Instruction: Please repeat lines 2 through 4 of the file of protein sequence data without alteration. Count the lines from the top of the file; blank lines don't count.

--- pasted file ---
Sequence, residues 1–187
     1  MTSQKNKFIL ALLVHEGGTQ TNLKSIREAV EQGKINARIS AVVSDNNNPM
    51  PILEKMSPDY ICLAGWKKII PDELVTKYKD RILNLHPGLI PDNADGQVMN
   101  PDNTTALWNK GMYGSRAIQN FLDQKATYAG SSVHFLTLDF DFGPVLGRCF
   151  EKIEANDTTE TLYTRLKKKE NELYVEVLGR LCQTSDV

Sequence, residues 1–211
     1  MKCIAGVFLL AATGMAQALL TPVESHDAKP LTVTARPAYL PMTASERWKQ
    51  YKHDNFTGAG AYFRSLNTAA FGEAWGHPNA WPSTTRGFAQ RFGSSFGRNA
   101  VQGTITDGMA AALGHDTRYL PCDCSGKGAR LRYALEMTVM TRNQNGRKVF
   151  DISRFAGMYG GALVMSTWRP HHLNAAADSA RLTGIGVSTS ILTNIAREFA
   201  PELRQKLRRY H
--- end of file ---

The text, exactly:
     1  MTSQKNKFIL ALLVHEGGTQ TNLKSIREAV EQGKINARIS AVVSDNNNPM
    51  PILEKMSPDY ICLAGWKKII PDELVTKYKD RILNLHPGLI PDNADGQVMN
   101  PDNTTALWNK GMYGSRAIQN FLDQKATYAG SSVHFLTLDF DFGPVLGRCF